@ Nick: To me, it appears to be upside-down and backwards, regardless of the language. It kinda makes sense, if it once was being read aloud from a podium.

  13. Charlotte Auer on October 20, 2017 at 4:02 pm said:


    just a quick reply to your “Perhaps the person who drew it to Rene’s attention knows more?”

    Why do you assume in your usual sneaky way that another person drew it to Rene’s attention? Just to demean him and to suggest that he could never find an interesting Ms by himself? This is so poor…

    Btw: why don’t you know not more by yourself? Ah yes, it’s not about imagery, but in the frame of a general sound knowledge of medieval Mss.

  14. Josef Zlatoděj Prof. on October 20, 2017 at 7:38 pm said:

    Nick. Of course, it’s written in a code.
    This is written in the text. ( MSS P.I.O.6 ).
    This is a very simple code.

  15. Thomas on October 20, 2017 at 8:00 pm said:

    According to the BL catalogue entry the author of Harley Ms 5544 is Manuel Chrysaphes Lampadarios. In the 3rd line of the first image of MS PIO6 it also reads “Lampadarios”. Can anyone read the whole Greek text?

  16. Josef Zlatoděj Prof. on November 6, 2017 at 9:24 pm said:

    Zandbergen. You are interested in what is written in the text ?
    Are you interested in the key ? ( MSS P.I.O.6).

  17. I had looked at this Byzantine notation as a potential idea for the VM. I wasn’t really able to find a connection though. The interesting thing about the notation is that it encodes pitch in a relative way. So there is no “C” note for example, but rather, the neumes encode the relative step from the prior note.

    This link had me excited for a while:

    .. it comes from this page here:

    … if you start looking into this musical notation you quickly realize it’s a huge, confusing field that is extremely complex. But what a treat if the VM was a book of chants!

    Alas, I don’t think so. I wrote some software ready to test ideas out, but I Just couldn’t find a cohesive idea to even test, where VM words might connect to Byzantine notation. If anyone does, let me know and I can try things out for you.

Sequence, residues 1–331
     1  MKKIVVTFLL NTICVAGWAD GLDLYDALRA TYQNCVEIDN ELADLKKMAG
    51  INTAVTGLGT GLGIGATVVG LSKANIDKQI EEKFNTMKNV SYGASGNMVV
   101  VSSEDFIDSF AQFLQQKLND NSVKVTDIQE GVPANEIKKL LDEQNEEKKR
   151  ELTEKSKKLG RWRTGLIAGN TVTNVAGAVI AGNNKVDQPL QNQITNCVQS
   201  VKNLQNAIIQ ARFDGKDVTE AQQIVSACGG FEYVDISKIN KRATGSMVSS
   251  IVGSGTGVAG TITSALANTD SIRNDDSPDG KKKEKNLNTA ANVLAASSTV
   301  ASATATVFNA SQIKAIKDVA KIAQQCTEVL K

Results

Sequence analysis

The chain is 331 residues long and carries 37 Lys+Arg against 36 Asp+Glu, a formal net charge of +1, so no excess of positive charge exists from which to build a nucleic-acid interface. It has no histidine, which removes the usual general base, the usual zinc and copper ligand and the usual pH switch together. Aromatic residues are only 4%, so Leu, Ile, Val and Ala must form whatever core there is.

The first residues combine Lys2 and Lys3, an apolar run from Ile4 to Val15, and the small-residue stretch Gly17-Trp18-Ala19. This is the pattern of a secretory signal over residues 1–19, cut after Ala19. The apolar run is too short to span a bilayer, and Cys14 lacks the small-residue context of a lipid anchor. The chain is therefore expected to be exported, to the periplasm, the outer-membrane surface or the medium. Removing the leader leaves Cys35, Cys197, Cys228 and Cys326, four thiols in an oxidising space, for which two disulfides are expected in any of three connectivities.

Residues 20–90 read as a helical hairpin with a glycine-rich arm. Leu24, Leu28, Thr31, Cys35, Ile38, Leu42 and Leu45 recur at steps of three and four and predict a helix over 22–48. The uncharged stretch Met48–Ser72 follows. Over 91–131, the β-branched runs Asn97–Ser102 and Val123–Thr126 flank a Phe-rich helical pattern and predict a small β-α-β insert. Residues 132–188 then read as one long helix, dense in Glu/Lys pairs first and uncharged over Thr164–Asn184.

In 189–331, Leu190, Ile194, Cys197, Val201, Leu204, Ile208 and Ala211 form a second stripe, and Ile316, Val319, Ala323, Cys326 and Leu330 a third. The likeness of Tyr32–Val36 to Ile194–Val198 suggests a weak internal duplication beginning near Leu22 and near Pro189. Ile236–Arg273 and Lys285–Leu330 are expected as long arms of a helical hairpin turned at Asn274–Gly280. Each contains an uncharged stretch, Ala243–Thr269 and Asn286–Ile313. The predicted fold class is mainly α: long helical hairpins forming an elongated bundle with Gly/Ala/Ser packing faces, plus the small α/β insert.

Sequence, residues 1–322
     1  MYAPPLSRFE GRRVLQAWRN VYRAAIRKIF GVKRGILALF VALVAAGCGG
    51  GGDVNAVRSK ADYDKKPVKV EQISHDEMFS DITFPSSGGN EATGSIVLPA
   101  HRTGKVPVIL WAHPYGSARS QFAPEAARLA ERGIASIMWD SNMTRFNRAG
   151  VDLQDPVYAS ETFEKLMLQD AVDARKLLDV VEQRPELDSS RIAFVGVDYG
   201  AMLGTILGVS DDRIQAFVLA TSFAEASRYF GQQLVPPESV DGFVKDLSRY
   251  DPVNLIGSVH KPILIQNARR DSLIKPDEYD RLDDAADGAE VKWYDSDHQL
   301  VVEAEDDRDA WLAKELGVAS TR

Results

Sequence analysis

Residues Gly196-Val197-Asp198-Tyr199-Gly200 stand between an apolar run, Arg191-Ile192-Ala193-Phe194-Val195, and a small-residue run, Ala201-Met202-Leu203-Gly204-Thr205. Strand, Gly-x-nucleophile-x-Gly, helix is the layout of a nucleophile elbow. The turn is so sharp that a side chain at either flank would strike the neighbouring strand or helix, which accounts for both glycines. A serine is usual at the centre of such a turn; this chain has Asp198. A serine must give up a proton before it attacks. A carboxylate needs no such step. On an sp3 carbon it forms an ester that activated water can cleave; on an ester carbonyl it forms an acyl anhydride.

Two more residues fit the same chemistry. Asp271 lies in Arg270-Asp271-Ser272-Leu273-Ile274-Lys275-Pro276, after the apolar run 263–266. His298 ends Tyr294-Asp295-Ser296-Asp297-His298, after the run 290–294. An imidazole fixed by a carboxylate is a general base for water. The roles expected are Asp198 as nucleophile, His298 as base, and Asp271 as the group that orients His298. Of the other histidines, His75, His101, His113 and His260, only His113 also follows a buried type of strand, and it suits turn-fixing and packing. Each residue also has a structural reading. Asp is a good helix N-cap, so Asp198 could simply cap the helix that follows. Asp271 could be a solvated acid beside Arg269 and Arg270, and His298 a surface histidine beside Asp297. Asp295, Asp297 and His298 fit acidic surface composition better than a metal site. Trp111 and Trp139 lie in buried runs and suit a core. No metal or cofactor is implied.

Best, Simon.

  18. I took a quick look. Important seems only the text which was pushed in red. And that reminds me of the Ethiopian Bible. The scripts seem to be the same.

    only in german

  19. Josef Zlatoděj Prof. on November 15, 2017 at 7:31 pm said:

    Peter, has a fantastic fantasy. 🙂

    The text first part of the manuscript is written.
    Red text : the text is written in Czech and letters are numbers.
    On the other hand, it is written : picture, there is an aple drawn on it, a wasp sitting on it. Next to it is a flower and a leaf.

    Key – PIO6. ( P = 6). ( P = U,V,W,X). ( 8 = 6). ( 6 = 8 ).

  20. Apart from the fact that each cryptogram has the same key for you, and anyway everything is Czech and was written by Jews, I am not even surprised.
    You would not even recognize a cryptogram. 🙂 Because this book has none.
    But bets have already been made that you drive up with the same nonsense. And I’m not surprised that you can not take you seriously anymore.

  21. Tags:
    Origin: 1650+
    Anastasima, 8 notes singing, origin ca. 8-9 century.
    Ortodox, Byzant.
    Important, cross page 144.

    No cryptogram

  22. By the way.
    The Ethiopian kingdom was one of the first countries where the Christian faith around the year 400 made the state religion.

  23. Josef Zlatoděj Prof. on November 16, 2017 at 12:35 pm said:

    Ethiopan ? :-). 🙂 Cha cha cha.
    Peter. You will never find out what the manuscript is. You do not know anything, And that’s very bad. And besides you do not even care about me.

  24. Yes, yes … learn and marvel.
    Maybe I do not know anything, but it’s still more than you. 🙂

  25. Josef Zlatoděj Prof. on November 16, 2017 at 5:13 pm said:



Leave a Reply

Your email address will not be published. Required fields are marked *

Post navigation